Pat Pomerleau just sent me this awesome panorama. And with it, she told me how she photographed it and what she did in post production. Wish I could make my body at steady as she can and shoot without using a tripod. I am very impressed with her work.
How did she get this amazing shot? Here is what Pat had to say about that…
“This panorama is a composite of 14 photos (50% overlap) was taken sequentially at Machu Picchu on the most gorgeous day you have ever seen. I stitched them together using a Microsoft ICE which allows me to compile the images seamlessly. Looking at it you would never know that it is made up of 14 photos. The software works by itself, you drag the photos into the software and it just starts stitching. It is pretty amazing. You need a PC compatible computer, so as I have a Mac, I use Parallels on the Mac, so I can use both Mac and PC programs. To take the photo, I used my Nikon D90 and a 10-24 wide angle. Since you can’t take a tripod to Machu Picchu, I photographed handheld, pivoting from the waist. The key is surveying the scene to make a decision what you want to take a photo of, and then using you waist as a pivot and not moving your arms, turn evenly (and quickly) and take as many photos as it takes to complete your scene making sure there is a 40-50% overlap. I took this panorama in one pass, horizontal, left to right using a wide angle at 10 mm which makes it easy to take a shot like this. You can use a a telephoto, but you need to go vertical or your panorama is too skinny (unless that is the look you are going for).
Take a look at the high resolution version. No matter how much you blow up this photo, you cannot see where it has been stitched.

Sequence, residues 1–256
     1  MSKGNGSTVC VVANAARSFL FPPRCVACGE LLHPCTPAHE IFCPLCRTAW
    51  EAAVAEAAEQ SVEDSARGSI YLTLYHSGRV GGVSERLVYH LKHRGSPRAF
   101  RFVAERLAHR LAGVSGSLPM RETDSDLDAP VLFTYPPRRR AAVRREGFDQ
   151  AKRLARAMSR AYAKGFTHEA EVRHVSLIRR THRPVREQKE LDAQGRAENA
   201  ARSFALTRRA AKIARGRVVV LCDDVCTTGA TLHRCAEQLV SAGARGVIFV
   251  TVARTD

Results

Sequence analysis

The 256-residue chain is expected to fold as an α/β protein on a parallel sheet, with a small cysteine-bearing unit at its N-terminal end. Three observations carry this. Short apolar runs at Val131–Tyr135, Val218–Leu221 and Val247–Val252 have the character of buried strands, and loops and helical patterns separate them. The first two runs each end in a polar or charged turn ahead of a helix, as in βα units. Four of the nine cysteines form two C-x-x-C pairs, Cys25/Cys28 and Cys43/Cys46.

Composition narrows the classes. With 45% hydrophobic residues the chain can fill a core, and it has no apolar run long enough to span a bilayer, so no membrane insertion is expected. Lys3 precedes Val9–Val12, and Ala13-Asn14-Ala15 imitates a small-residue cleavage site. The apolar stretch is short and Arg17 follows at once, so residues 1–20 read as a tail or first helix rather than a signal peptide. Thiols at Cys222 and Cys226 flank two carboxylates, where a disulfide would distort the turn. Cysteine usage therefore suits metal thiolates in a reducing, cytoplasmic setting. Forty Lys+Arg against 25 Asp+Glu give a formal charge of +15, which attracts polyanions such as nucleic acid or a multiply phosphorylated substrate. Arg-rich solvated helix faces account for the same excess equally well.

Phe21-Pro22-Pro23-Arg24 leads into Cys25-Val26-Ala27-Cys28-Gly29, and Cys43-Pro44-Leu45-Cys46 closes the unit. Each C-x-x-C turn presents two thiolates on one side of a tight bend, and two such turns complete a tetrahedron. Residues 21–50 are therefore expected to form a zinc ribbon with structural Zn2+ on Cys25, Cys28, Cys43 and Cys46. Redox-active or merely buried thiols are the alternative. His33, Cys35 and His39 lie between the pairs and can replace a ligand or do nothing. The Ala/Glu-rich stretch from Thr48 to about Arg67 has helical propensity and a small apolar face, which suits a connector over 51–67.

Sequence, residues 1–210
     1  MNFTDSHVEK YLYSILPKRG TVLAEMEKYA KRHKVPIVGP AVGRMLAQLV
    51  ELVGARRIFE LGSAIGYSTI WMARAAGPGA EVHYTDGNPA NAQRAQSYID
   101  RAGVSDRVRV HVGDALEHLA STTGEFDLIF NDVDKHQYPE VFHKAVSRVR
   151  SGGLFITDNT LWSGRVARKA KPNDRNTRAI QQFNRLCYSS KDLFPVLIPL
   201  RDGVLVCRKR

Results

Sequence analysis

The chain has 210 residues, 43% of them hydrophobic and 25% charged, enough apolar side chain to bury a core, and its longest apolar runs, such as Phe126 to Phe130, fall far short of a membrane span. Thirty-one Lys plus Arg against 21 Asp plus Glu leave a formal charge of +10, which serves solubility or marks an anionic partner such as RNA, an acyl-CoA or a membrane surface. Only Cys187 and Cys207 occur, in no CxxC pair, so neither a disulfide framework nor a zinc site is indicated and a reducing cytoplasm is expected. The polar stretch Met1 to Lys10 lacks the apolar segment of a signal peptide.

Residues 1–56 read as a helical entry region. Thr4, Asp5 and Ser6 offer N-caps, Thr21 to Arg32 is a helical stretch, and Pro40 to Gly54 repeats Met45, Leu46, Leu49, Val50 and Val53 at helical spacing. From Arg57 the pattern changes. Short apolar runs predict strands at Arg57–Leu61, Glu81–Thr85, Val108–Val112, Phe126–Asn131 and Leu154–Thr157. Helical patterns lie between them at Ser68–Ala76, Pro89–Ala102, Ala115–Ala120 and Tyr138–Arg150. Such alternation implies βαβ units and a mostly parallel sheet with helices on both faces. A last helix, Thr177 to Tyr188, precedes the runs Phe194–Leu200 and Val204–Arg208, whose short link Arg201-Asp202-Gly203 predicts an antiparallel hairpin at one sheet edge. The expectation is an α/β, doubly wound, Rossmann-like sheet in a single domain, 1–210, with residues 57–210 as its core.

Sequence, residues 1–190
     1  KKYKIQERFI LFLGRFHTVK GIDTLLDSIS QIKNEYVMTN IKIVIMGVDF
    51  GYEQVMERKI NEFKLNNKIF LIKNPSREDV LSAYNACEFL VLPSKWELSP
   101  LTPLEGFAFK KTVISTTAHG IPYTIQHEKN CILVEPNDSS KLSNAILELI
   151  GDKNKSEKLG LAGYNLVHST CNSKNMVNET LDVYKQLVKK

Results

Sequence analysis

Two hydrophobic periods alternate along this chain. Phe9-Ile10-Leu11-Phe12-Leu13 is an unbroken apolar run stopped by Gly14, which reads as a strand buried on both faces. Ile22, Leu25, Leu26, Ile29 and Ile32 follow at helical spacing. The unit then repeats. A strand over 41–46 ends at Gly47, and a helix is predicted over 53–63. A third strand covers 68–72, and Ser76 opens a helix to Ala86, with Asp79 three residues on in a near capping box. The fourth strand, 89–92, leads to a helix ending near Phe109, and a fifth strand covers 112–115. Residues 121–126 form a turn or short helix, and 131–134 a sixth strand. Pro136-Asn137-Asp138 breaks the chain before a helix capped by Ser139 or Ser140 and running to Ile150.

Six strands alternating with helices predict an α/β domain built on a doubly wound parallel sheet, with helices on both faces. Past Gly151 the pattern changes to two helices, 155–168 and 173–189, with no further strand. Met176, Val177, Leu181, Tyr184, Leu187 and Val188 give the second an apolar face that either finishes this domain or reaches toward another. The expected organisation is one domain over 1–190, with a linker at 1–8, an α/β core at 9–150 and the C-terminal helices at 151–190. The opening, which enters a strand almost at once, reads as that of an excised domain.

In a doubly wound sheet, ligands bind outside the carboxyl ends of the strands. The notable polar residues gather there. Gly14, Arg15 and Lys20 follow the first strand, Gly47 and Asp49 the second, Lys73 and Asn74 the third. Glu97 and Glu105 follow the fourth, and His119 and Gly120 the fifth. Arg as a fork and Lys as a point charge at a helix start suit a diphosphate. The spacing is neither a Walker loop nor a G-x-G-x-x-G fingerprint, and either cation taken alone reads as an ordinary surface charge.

Though I took multiple panoramas from different spots at Machu Picchu, this view is the first photo I took. The clouds were too perfect, but they were moving. I had to get it fast and I just could tell it was going to be perfect when I did it. I got to the top, took a couple of breaths (air is very thin), pulled out my camera and took the panorama. Voila. Sometimes amateurs can get things because we don’t know what we are supposed to be worried about. Sort of the photographic “fools rush in…”
I was in the ruins for eight hours just climbing up, down, and around. I didn’t take panoramas higher up the mountain, I did them lower down. I like panoramas that are closer of more intimate places. Mountains and clouds are over rated. Sometimes even Moroccan laundry on brambles makes a nice panorama.”
Photographer’s Note from Pat: Some experts say that you don’t need more than a 20% overlap for panoramas. I have found however, that if you want no seams at all, you need to give the software more “overlap” information to make decisions. When I do a 50% overlap, the photo is seamless at the highest resolution when I use ICE for stitching. I have also found it keeps me far steadier because I am making very small moves as I pan across the landscape.
You can read more about Pat in Carolyn’s article “Fan Fare: Patricia Pomerleau’s Amazing Images”